THE THEME music for BBC television’s Match of the Day and a soccer guard of honour were among tributes to former Aston Villa and Galway United defender Eamon “Chick” Deacy, who was buried yesterday in Galway.
The Irish Times
reported that Aston Villa director Robin Russell and four of Deacy’s colleagues from the club’s English league championship and European Cup winning team of the early 1980s were among several thousand people who attended the funeral in the Augustinian Church.
The congregation spilled out on to Middle Street and beyond.
Chief celebrant Fr Dick Lyng said that in 30 years of funerals, having buried prelates and politicians and many sporting heroes, he had never seen anything quite like the volume of people who came to the removal and funeral Mass.
President Michael D Higgins had travelled to the removal on Thursday evening, when people queued for up to six hours to pay their respects.
The unassuming former soccer star, who was in his late 50s, died suddenly last Monday.
Deacy, the youngest of 10 siblings from Galway’s Henry Street, recently received a Galway Sports Stars Hall of Fame award for his achievements, which included capturing the English league title with Aston Villa in 1980/1 and the European Cup the following season.
He picked up four caps for the Republic of Ireland and also played for Derby County before returning home to play with Galway United, Sligo Rovers and Limerick. NUI Galway awarded him an honorary Master of Arts degree several years ago.
Many supporters of Galway United and his former club West United were at the large funeral, which was also attended by the President’s aide-de-camp Cmdt Michael Walsh and Football Association of Ireland chief executive John Delaney.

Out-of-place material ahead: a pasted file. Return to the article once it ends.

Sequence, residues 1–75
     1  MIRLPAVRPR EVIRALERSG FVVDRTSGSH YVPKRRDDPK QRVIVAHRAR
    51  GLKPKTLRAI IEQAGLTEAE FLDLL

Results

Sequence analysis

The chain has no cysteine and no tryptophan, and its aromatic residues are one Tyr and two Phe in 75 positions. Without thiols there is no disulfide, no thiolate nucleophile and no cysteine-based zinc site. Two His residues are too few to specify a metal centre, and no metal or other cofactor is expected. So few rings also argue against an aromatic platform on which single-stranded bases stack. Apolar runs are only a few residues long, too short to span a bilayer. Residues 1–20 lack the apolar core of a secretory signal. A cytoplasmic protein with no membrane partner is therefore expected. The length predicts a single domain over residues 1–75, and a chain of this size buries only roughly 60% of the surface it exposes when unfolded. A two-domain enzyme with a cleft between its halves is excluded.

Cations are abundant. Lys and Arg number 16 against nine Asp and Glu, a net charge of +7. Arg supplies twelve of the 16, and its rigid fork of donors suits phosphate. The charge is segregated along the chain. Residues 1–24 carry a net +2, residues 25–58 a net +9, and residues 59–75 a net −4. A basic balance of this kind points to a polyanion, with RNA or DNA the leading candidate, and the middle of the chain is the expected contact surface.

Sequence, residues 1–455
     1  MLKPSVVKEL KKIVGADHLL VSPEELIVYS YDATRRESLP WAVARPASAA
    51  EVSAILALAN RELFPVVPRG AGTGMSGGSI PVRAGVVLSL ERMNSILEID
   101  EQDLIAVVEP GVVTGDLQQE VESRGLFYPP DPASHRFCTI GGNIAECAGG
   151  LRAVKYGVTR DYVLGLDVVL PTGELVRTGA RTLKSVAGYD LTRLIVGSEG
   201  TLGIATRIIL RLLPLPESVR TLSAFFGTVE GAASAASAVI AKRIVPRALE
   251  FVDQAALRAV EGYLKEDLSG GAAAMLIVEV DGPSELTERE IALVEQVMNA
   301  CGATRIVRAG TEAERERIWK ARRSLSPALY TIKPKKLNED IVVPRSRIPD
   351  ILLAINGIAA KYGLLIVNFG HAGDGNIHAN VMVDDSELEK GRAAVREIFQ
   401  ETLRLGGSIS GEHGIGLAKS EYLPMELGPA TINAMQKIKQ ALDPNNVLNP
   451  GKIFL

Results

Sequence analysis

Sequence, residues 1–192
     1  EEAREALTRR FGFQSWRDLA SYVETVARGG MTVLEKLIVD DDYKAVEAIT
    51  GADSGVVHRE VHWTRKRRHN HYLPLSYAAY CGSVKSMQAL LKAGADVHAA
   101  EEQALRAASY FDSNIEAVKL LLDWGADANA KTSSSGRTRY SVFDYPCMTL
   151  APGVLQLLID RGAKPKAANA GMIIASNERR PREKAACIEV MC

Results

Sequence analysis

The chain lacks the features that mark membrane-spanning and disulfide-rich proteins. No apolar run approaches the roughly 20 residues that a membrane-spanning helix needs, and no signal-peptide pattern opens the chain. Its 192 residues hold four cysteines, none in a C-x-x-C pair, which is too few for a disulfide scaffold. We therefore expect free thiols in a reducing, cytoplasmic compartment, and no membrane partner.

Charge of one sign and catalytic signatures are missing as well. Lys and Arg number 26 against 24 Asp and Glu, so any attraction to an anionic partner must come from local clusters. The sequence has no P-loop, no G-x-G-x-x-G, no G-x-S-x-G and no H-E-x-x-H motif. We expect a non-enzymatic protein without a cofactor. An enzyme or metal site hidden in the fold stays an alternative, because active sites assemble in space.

Former Aston Villa teammates who attended were Gordon Cowans, Tony Morley, Ken McNaught and Colin Gibson.
Fr Lyng recalled a conversation this week with Connacht Tribune photographer Joe O’Shaughnessy in relation to Deacy’s popularity.
“It was his decency and his downright humility. He was a decent guy and that’s why they are here,” O’Shaughnessy had explained, and Fr Lyng noted that such virtues were “not exactly in abundance” today.
Quoting Galway journalist Declan Varley, Fr Lyng said Deacy’s feet were “placed firmly on the ground”.
Don and Ernie Deacy drew laughter by recounting stories of their youngest brother. Ernie, who worked closely with him in the family’s fruit and vegetable shop on Sea Road, said there were only two things that would draw his brother “out of his box”.
These were the number of priests present, as Eamon’s faith was paramount, and the guard of honour planned by West United. Eamon would want to know “what they were all doing there”, he said, to applause.
Offertory gifts presented by his nieces and nephews included a jersey to represent his time at Aston Villa, a football which he and his son Jake had played with, a basket of fruit to symbolise his life outside sport, a Child of Prague statue which he had given his daughter Dawn, and photos of where he had played as a child and where he played soccer at South Park or The Swamp.
Led Zeppelin’s Stairway to Heaven was played at the Mass opening, a piece of music favoured by Eamon and his wife Mary. Chief mourners were Eamon’s wife Mary O’Connor, daughter Dawn and son Jake and his siblings Michael, George, Mary, Neil, Ernest, Tommy and Don. He was predeceased by brothers Nicholas (Dixie) and Desmond.Note
: President Michael D Higgins is recorded on Facebook as having turned up on Thursday night and bypassed his right of jumping the queue afforded to dignatories. He queued with everybody else as a mark of respect.